In lieu of an abstract, here is a brief excerpt of the content:

Reviewed by:
  • Ontology after Philosophical Psychology: The Continuity of Consciousness in William James’s Philosophy of Mind by Michela Bella
  • Russell J. Duvernoy
Michela Bella
Ontology after Philosophical Psychology: The Continuity of Consciousness in William James’s Philosophy of Mind
Lexington Books: Lanham, Maryland 2019. xiv + 255 pp. (incl. index).

Michela Bella’s Ontology after Philosophical Psychology: The Continuity of Consciousness in William James’s Philosophy of Mind offers a detailed survey of James’s thought using “continuity” as its focal lens. Because the book presumes significant familiarity with James and frequently includes dense exegesis of his work’s most technical aspects, it is primarily for specialists. It will particularly interest James scholars studying the entanglement of the metaphysical with the psychological and epistemological.

Combining “historical” and “theoretical” points of view, Bella tracks “James’s gradual translation of psychological experimental observations of the continuity of thought into an ontological perspective according to which continuity constitutes a feature of reality” (ix). Bella writes: “one of the aims of this book is to show to what extent the issue of continuity is interconnected and multifaceted” (123). As such, I count at least seven different senses of continuity at play.1 Most prominent is James’s notion of the continuity of consciousness as a “stream” first advanced in the Principles. Bella reads latter innovations as efforts to think through this stream’s implications: how do we reconcile it with a discrete sense of self?; how is the stream of consciousness related to the external world?; what are the epistemic implications of this relation?; ultimately, what are the implications for the nature of reality? As Bella puts it, “[James] was looking for a way of integrating continuity— which he first discovered as the synthetic unity of consciousness—while still remaining loyal to his natural realism” (100). [End Page 105]

The book is divided into four chapters, the first two more historical and the latter two more theoretical. Chapter One (“The Activity of Mind: Experimental Psychology and the Reception of Darwinism”) situates James’ seminal psychological work in relation to the influence of Darwin. Contending that from an early date James’s inclination towards “naturalistic realism” made him an “evolutionist”, Bella shows how James nevertheless challenges then orthodox interpretations, in particular that of Herbert Spencer, for being overly deterministic. She then unpacks different implications of continuity within the “stream” of consciousness. Most obviously, there is the continuity of consciousness in denying the discrete sense impressions of atomistic empiricisms. But there is also “the continuity existing between our psychological functions and the world” (52). This latter sense follows James’ claim that “our relations to the world are sensibly felt” such that “we do not need to postulate any noumenic entity to justify this natural process” (52). In denying the need for a transcendental ordering agent, James claims that sensations are “rich enough to be organized in themselves and to form an orderly world” (45). This explains why he maintains “it is possible to detect an element of voluminousness in every sensation [as the] ‘original sensation of space’” (49).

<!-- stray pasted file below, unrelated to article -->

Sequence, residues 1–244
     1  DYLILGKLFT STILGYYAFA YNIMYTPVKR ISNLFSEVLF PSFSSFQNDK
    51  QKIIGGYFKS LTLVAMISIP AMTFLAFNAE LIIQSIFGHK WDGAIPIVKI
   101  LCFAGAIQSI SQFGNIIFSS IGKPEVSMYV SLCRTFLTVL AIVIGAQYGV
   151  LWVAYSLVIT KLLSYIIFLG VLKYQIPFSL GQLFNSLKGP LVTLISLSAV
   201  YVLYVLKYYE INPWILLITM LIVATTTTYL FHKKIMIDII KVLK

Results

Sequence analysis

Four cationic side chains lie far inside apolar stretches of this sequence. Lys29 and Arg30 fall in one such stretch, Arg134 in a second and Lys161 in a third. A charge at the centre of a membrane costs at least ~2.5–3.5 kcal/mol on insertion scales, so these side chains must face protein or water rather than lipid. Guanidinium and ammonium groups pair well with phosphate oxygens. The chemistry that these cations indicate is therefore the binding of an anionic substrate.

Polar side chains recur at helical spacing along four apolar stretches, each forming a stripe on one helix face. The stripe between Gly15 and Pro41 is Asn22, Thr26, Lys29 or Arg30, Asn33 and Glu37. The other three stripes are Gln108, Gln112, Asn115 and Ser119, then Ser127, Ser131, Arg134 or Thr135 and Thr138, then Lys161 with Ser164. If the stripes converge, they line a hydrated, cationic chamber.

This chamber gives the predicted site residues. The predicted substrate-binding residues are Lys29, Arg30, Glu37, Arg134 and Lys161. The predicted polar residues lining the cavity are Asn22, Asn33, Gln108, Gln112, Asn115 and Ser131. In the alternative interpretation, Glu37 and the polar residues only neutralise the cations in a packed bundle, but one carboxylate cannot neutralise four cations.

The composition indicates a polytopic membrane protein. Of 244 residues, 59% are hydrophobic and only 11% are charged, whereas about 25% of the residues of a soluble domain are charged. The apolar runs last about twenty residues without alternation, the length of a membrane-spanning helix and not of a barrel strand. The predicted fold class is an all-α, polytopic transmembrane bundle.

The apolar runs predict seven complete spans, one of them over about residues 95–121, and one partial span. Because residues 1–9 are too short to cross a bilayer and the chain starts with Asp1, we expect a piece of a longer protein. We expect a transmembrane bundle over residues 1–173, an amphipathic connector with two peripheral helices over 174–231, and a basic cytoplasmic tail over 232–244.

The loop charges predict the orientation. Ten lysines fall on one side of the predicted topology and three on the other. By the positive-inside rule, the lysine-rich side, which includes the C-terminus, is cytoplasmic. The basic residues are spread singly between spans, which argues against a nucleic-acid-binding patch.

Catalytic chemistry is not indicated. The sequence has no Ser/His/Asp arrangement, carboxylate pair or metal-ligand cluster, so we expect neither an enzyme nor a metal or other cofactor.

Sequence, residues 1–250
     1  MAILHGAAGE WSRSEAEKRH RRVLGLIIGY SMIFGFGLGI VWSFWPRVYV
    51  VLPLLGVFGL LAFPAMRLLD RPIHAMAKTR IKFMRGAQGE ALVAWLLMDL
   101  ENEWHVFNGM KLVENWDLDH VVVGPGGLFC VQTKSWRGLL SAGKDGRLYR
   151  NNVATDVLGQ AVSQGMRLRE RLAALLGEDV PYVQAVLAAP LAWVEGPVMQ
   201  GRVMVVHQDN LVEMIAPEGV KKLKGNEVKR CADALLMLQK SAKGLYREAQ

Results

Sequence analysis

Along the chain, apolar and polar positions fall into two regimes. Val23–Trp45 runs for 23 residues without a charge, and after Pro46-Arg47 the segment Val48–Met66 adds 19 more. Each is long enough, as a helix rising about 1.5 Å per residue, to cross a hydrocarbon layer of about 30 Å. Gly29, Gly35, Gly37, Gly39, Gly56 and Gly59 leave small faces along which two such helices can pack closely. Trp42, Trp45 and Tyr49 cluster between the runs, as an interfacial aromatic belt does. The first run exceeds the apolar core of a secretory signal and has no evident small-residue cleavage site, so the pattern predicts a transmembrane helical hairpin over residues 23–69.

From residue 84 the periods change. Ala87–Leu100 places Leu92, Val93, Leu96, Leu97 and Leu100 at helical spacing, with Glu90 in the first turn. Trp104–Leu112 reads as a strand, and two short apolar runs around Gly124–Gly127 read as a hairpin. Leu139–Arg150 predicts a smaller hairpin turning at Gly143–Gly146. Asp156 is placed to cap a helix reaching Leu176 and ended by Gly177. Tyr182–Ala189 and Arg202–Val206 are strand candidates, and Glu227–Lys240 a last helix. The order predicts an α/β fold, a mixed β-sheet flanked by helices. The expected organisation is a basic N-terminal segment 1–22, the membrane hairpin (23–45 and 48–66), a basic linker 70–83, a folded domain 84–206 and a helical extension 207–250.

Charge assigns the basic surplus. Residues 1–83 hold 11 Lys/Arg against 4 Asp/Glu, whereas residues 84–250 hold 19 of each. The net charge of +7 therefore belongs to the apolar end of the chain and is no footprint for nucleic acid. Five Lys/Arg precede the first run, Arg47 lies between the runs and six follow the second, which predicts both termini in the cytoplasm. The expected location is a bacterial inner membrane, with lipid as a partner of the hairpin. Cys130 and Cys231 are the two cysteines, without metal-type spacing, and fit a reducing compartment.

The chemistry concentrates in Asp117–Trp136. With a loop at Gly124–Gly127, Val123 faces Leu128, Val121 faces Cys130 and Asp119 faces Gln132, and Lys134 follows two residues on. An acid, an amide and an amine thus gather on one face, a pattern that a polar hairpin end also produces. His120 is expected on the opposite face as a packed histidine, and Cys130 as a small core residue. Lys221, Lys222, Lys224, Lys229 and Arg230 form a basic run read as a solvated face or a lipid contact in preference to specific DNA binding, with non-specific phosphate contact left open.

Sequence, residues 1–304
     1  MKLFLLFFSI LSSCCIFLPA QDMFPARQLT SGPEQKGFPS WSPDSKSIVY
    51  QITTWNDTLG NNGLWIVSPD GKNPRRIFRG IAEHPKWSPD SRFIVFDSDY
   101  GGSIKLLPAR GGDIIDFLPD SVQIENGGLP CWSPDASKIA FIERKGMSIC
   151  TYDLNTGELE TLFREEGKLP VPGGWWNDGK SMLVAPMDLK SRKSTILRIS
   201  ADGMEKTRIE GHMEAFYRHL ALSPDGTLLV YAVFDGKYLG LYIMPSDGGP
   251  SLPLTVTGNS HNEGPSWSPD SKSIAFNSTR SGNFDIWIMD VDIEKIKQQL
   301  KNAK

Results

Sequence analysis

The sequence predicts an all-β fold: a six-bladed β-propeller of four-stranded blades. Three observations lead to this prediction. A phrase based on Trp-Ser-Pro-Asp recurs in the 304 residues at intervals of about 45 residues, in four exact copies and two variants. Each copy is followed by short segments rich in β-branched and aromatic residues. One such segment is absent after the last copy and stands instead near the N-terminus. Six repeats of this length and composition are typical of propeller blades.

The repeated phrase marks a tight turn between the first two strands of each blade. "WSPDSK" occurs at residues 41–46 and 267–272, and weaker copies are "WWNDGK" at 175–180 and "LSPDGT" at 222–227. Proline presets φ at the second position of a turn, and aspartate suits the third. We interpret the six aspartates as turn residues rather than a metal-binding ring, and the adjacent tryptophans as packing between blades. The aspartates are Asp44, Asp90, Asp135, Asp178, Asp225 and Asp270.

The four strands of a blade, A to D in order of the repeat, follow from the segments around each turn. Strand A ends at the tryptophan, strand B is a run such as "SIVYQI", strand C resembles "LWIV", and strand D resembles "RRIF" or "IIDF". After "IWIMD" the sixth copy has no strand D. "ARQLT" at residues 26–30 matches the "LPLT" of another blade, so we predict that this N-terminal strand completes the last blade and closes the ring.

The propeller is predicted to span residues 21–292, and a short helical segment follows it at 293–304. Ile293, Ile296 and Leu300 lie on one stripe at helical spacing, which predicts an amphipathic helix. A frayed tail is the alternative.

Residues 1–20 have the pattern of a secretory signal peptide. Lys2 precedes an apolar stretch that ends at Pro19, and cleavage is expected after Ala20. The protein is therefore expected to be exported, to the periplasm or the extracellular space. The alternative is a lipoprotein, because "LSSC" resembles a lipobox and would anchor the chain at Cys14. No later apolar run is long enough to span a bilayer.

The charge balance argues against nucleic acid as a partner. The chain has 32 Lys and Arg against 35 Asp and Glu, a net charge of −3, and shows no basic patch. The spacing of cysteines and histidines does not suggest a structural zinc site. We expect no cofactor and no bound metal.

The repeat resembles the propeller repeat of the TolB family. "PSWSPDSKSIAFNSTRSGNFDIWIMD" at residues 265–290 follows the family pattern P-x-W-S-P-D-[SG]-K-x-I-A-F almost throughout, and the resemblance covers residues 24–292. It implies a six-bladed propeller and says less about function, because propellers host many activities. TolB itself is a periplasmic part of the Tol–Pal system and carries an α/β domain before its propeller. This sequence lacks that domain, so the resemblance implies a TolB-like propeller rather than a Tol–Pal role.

Chapter Two (“Pluralistic Synechists”) continues historical work in studying relationships with three prominent interlocutors: Charles S. Peirce, Henri Bergson, and Ernst Mach. The chapter impressively modulates between exegesis of each interlocutor’s complex work and surveying similarities and differences with James. Detailing Peirce’s investigations into the logic of continuity, Bella complicates reductive caricatures of the James/Peirce relation while nevertheless identifying important differences. Most acute is the question of the mediate or immediate character of sensation. From Peirce’s perspective, James does not properly distinguish between feeling (as firstness) and thought (as thirdness). But James thinks the distinction between sensation (as immediate) and perception (as cognitive) allows him to admit the inferential and indirect function of perception while nevertheless not denying the continuity of processes of sensation between organism and world. In relation to Bergson, Bella shows how, despite their mutual regard and stated affinities, the two are oriented around different problems. Bergson is always most interested in metaphysics, whereas James begins in psychology: “This is the reason why James seems to have stumbled in the direction of the mind-world continuity, whereas Bergson was looking...


Additional Information

Print ISSN
pp. 105-109
Launched on MUSE
Open Access
Back To Top

This website uses cookies to ensure you get the best experience on our website. Without cookies your experience may not be seamless.